Sunday, September 23, 2007

An appeal to agnostics: Try atheism, it fits.

There is a correct answer to the ultimate question: Why is there this universe with this planet where we reside? It is a three word answer and those three words are not "God did it". Agnostics and atheists agree that the answer is "we don't know" while theists cling to the faux god did it "explanation".

Unfortunately, some agnostics don't understand that agnosticism has more in common with atheism than with theism. These agnostics are repelled by what they assume is atheism's certainty that there is no god. They challange the atheists to show how we can know there is no god, they complain that atheists are making the same mistake as religionists by asserting too much. However, atheists are not claiming such certainty, we are just not adopting beliefs which lack adequate justification. Maybe I can clarify why atheism and agnosticism are almost the same beliefs by analogy.

A pet is ill. The owner takes the pet to the local animal hospital and is told that the pet has fluid in the chest. The hospital staff asks: Did the pet drink anti-freeze? That is possible, the pet owner doesn't know. The pet dies. A pagan religionist has an "explanation" for the pet's premature death: An evil spirit cast a death spell on the pet. We skeptics know something is wrong with this "explanation", we honestly can't accept this "explanation", its too far-fetched. The problem here is that we have a declaration, not an explanation. These declarations are catch-alls, anyone can assert such a declaration for any dead pet because the declaration is rooted in fantasy, not in evidence. We don't know the cause of the pet's death but we can still rule out a death spell cast by an evil spirit while we cannot rule out the evidence supported explanation that the pet drank anti-freeze.

Most agnostics will concede there is no Ahura Mazda, Zeus, etc. but they lack the courage and insight to recognize that generic god belief is just as unjustified as all the other no evidence catch-all declarations that lack explanatory validity and logical coherence. The god did it declaration, like the evil spirit cast a death spell declaration, gets us nowhere. It just replaces one mystery with another mystery without moving us forward even a nanometer towards acquiring a genuine explanation. We don't know, but not knowing doesn't mean we have to accept as viable every declaration that someone mistakenly asserts is an explanation. To justify any belief we need evidence, we need explanatory validity. God did it, like the evil spirit's death spell, is a catch-all declaration lacking the attributes necessary to justify the belief.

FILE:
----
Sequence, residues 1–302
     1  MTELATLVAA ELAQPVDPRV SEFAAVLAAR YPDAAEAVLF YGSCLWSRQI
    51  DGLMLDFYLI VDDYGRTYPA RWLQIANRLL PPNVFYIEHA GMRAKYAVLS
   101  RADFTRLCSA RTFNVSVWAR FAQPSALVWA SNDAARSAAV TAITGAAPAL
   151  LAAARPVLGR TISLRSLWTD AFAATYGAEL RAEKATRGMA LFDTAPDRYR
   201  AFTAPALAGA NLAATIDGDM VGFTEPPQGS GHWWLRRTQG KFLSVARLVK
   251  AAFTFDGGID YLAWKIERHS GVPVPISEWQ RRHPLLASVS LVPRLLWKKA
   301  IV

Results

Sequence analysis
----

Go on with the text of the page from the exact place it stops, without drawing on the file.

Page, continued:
My appeal to agnostics is this: You reject many other imaginary, no evidence, catch-all declarations as lacking explanatory validity. Employ the same skepticism consistently and across the board. Find the courage to take the small additional step of letting go of god altogether. You will be no more mistakenly certain as an atheist than you are as an agnostic who doesn't believe in Ahura Mazda or evil spirit death spells.


  1. Interesting essay. As an "agnostic" (not sure I'd use that label, but you probably would), I *don't* particularly rule out Zoraster, Zeus, or whatever, as compared to the Judeo-Islamic-Christian god. I would rather just say that there really isn't enough evidence to say anything about the situation at all.

  2. mike, so it could be turtles all the way down then, eh?

    i proclaim that the earth was created last tuesday by a giant snail-fish creature, who wove it together using a magical pink substance called electrophysimagma. sure there's no evidence for it, but please, try to disprove it!

    sure, it's an extreme example, but i think we can both agree that it's completely fantastical.

    but what makes it any more fantastical than christian fundamentalists who say the earth was created 5,000 years ago (despite evidence) by a man in the sky?

    i think that's the point of this post.

  3. Atheists would label me as an "agnostic", and I reckon that's what I am; I try not to label myself anything, anymore. However, why should agnostics convert to atheism? Agnostics do not believe in deities, just like atheists, however, "we" know that we can't disprove the existence of any deity, as well. Neither can Atheists. Most "atheists" I know, who proclaim to be die-hard atheists state that all "atheists" really are "agnostic" because "atheists" can not disprove any deity, as well. They really believe that there isn't one, but, going by the "facts" in which most atheists spew, and going by logic, they can't, still, prove that a deity hasn't ever existed, or does exist. So, you're preaching to the wrong people, no?


  4. Nam, your "disprove" and "prove" comment supports my argument in this post that agnostics are mistakenly applying an impractical "disprove it" standard for theism that rational people don't and sholdn't apply to other similarly far-fetched supernatural beliefs. Are you agnostic about leprechauns? No one has to "prove" there are no leprechauns to disbelieve in leprechauns. Insisting on proof to reject a belief in a fact claim (in this case the there is a God fact claim) is a catagory error. Proof applies to mathematics, not to beliefs. By your "disprove it" logic, anytime someone asserts a fact claim, that fact claim automatically merits be taken seriously enough to be considered viable for no other reason then the fact claim is asserted.